Src kinase has been implicated in many cellular processes, including cell proliferation and survival pathways under growth factor signals30,31. To determine what cellular process might signal the Src kinase to phosphorylate the Y324 residue, we first investigated the effects of growth factor stimulation on this phosphorylation event. Under EGF or PDGF stimulation, Y324 phosphorylation of PRMT5 was not induced (Supplementary Fig. 2a and b). We next determined whether the Y324 phosphorylation occurs in response to DNA damage, because several reports have demonstrated the role of PRMT5 in DNA damage responses9,10,12,15,32. Importantly, under etoposide-induced DNA damage stresses, the phosphorylation of the Y324 residue increased in a time- and dose-dependent manner (Fig. 3a and b), and was completely abolished in the Y324F mutant (Fig. 3c). Endogenous PRMT5 was also phosphorylated by etoposide (Fig. 3d). In addition, the Y324 phosphorylation was substantially blocked by dasatinib or Src kinase depletion (Fig. 3e and f), supporting a central role for Src kinase in mediating Y324 phosphorylation under DNA damage stress. We found that the Y324 phosphorylation of PRMT5 occurred not only by etoposide (topoisomerase II inhibitor) but also by camptothecin (CPT, topoisomerase I inhibitor), doxorubicin (DNA intercalator) and UVB irradiation (formation of thymine dimers or other pyrimidine dimers and double-strand DNA breakage) (Supplementary Fig. 2c–f), indicating that PRMT5 enzyme activity is suppressed under wide diversity of DNA lesions. Indeed, the levels of PRMT5-mediated methylation mark, H3R8me2s, and H4R3me2s were dramatically reduced under DNA damage stress without affecting PRMT5-independent H3R17me2a or H4K20me2 levels (Fig. 3g). We ruled out the possibility of PDGFRβ-mediated Y324 phosphorylation in DNA damage responses because PDGFRβ depletion did not affect the etoposide-induced PRMT5 Y324 phosphorylation (Supplementary Fig. 2g). These results indicate that PRMT5 activity is inhibited by Src kinase-mediated Y324 phosphorylation during cellular responses to DNA damage.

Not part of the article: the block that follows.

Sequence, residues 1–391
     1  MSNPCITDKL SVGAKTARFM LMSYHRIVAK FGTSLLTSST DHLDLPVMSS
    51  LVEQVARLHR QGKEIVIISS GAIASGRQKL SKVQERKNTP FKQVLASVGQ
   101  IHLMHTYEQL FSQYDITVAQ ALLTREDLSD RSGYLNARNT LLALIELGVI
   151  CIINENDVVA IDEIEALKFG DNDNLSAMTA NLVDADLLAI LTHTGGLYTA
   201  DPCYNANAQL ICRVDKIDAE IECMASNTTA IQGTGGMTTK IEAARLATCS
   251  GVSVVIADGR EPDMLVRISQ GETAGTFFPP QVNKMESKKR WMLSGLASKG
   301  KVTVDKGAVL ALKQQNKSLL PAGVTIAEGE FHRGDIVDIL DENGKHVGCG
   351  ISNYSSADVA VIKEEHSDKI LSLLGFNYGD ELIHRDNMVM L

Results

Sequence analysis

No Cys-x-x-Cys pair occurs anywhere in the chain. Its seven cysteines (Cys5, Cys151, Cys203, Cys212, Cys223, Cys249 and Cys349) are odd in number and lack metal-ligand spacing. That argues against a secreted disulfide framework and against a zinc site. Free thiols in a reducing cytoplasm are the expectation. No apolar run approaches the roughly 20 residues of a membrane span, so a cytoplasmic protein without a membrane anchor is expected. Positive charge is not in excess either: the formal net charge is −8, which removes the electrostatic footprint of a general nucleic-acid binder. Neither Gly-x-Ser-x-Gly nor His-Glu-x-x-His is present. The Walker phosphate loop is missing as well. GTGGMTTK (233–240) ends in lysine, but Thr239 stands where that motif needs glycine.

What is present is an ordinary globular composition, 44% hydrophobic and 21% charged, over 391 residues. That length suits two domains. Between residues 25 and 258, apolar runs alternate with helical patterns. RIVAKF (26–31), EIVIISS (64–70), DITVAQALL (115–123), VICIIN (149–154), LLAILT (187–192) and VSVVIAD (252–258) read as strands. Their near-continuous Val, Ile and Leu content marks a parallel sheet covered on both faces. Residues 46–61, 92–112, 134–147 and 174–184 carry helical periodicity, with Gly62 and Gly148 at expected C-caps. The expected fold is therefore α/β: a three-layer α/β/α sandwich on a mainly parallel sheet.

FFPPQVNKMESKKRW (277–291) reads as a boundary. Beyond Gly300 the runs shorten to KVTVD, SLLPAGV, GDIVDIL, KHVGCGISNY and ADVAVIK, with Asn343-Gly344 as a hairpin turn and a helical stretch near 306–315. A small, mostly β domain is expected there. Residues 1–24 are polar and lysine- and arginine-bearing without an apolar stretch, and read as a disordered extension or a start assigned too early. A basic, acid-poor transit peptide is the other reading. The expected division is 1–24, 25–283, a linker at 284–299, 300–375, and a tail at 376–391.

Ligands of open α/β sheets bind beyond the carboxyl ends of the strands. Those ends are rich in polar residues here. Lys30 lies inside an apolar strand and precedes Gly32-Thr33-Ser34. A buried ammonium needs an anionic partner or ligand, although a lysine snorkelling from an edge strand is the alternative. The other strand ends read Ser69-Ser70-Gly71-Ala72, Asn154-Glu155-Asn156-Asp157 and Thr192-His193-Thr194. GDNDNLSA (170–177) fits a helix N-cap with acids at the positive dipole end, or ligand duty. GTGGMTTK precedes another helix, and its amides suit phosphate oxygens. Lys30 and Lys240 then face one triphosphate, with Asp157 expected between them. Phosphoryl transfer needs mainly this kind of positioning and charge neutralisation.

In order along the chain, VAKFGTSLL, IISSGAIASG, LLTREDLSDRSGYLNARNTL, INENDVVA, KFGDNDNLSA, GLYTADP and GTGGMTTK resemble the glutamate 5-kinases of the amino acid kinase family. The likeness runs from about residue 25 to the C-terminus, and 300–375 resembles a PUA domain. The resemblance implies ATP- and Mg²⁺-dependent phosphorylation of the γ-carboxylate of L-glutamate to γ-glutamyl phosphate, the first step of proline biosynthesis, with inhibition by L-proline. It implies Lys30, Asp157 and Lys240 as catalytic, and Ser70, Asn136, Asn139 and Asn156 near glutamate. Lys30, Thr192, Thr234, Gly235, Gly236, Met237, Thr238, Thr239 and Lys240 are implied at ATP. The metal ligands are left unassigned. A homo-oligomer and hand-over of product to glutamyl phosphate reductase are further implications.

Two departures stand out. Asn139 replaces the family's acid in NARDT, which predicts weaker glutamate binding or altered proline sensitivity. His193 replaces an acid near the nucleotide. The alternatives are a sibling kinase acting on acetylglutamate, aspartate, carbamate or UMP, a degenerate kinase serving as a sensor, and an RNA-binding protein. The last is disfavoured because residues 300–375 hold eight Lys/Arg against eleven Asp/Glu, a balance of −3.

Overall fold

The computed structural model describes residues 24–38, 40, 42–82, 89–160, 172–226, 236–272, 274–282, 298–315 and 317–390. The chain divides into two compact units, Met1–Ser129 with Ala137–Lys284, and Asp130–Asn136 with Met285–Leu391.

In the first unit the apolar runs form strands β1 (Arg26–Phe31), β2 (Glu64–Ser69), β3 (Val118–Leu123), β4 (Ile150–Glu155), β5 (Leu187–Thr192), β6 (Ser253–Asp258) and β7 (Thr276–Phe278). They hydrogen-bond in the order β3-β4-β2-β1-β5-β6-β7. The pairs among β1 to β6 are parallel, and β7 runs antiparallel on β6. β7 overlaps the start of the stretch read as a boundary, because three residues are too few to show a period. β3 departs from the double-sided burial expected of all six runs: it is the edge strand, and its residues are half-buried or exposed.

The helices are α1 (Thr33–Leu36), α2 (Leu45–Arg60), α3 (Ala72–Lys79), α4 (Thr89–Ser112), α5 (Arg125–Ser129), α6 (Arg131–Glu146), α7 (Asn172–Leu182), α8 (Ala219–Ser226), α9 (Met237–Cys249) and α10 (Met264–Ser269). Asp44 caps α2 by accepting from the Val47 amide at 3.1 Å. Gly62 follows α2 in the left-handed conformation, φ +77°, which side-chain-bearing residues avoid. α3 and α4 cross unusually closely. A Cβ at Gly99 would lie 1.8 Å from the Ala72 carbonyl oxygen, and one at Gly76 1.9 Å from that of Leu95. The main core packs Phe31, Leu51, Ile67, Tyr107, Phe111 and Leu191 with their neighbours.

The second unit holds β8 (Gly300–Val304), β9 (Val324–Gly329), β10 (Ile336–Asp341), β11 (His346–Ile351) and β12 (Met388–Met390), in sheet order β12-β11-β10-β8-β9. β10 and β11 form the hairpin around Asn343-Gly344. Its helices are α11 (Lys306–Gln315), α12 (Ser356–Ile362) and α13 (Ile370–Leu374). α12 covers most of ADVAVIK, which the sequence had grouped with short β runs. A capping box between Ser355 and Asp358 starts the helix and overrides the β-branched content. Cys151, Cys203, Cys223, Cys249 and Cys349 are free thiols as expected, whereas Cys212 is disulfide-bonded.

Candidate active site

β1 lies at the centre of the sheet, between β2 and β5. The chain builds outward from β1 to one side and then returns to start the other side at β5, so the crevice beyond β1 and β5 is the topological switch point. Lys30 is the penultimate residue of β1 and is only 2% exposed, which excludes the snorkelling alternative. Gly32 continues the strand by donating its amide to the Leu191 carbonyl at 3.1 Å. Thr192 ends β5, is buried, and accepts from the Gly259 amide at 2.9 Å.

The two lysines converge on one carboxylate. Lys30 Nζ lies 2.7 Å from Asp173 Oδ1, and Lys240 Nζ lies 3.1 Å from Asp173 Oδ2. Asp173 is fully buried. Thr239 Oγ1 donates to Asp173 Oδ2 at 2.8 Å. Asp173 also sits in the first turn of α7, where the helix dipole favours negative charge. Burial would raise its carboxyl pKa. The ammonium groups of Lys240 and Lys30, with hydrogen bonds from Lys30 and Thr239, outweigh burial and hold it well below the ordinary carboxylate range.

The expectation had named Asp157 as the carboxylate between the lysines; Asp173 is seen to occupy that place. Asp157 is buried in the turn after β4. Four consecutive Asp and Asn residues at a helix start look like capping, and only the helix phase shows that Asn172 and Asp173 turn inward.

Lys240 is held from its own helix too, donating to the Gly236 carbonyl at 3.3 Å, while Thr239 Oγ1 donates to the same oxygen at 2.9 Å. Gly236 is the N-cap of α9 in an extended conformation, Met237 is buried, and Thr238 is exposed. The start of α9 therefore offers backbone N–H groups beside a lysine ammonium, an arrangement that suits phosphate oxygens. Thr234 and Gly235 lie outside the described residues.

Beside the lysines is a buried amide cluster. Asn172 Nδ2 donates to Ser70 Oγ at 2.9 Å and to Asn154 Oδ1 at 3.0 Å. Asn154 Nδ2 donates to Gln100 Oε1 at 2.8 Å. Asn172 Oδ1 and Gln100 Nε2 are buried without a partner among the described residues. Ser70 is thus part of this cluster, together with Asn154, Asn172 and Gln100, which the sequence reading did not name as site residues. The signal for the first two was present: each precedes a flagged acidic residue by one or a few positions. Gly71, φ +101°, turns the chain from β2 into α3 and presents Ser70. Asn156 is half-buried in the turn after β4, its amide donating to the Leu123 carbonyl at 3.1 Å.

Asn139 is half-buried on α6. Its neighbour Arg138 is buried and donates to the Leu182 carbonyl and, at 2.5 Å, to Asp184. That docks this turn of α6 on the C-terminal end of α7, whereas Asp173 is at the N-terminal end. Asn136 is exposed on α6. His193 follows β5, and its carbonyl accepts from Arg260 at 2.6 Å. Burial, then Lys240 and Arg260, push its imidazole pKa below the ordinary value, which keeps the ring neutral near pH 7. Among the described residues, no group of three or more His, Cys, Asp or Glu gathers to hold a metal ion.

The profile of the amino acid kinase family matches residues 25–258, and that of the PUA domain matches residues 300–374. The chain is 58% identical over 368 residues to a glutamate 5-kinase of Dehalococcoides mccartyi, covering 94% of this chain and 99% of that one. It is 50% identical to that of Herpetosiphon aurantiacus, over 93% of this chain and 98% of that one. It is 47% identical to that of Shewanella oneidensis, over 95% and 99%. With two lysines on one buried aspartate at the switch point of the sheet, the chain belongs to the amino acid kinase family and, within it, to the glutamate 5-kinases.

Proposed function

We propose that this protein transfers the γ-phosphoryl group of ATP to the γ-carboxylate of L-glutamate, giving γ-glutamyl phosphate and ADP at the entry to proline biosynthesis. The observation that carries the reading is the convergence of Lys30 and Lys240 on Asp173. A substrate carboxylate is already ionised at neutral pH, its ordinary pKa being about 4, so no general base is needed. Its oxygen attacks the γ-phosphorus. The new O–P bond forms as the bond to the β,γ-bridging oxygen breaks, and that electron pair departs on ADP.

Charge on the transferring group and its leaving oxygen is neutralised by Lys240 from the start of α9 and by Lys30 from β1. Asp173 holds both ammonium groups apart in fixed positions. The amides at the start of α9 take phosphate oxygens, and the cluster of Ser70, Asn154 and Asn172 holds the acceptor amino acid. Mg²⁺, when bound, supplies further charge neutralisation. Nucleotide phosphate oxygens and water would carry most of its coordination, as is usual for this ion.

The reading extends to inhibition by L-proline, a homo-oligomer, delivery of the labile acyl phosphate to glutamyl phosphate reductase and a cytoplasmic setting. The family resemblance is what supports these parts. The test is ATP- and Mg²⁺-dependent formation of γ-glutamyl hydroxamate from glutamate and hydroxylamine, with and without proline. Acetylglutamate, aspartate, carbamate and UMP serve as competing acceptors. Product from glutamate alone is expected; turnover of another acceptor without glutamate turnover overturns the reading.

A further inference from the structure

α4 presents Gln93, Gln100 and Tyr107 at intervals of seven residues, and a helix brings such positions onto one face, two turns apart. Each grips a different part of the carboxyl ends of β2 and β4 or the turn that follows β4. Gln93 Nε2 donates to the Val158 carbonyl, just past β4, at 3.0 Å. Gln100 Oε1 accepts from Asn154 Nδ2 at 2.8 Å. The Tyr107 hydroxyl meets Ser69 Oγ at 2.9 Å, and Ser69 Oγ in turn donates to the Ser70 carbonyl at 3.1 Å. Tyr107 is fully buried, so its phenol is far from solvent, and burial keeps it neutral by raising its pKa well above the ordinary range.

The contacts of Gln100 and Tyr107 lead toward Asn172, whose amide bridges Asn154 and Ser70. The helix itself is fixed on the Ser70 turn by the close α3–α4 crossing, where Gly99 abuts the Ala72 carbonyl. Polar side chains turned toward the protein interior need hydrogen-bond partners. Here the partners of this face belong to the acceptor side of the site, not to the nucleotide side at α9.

Fig. 3: Y324 phosphorylation of PRMT5 occurs under DNA damage stress.
figure 3

a, b Y324 phosphorylation of PRMT5 under DNA damage stress. U2OS cells were transfected with myc-PRMT5 and then treated with 50 μM etoposide for indicated times (a) or indicated concentrations of etoposide for 2 h (b). Myc-PRMT5 was immunoprecipitated, followed by immunoblotting with pY324-PRMT5 antibody. vSrc kinase were used as positive control. c U2OS cells were transfected with WT or Y324F myc-PRMT5 and then treated with 50 μM etoposide for 2 h, followed by IP-western analysis. d Y324 phosphorylation of endogenous PRMT5 by etoposide. U2OS cells were treated with 50 μM etoposide for 2 h and then subjected to IP using MEP50 antibody. e, f Src kinase-dependent PRMT5 Y324 phosphorylation under DNA damage stress. e U2OS cells expressing myc-PRMT5 were pre-incubated with 1 μM dasatinib for 1 h, followed by treatment with 50 μM etoposide for 2 h. f U2OS cells were co-transfected with myc-PRMT5 and Src kinase-targeting duplex siRNA for 3 days, and then treated with 50 μM etoposide for 2 h. g Suppression of PRMT5-mediated histone methylation under DNA damage stress. U2OS cells were treated with indicated concentrations of etoposide for 24 h and then nuclear histone fraction was extracted. Equal amount of histone proteins were analyzed by western blotting. vSrc-transfected U2OS cells were used as positive control. The immunoblots in (ag) and CBB in (g) are representative of three independent experiments with similar results, respectively.

PRMT5 regulates 53BP1 stability by methylating its GAR motif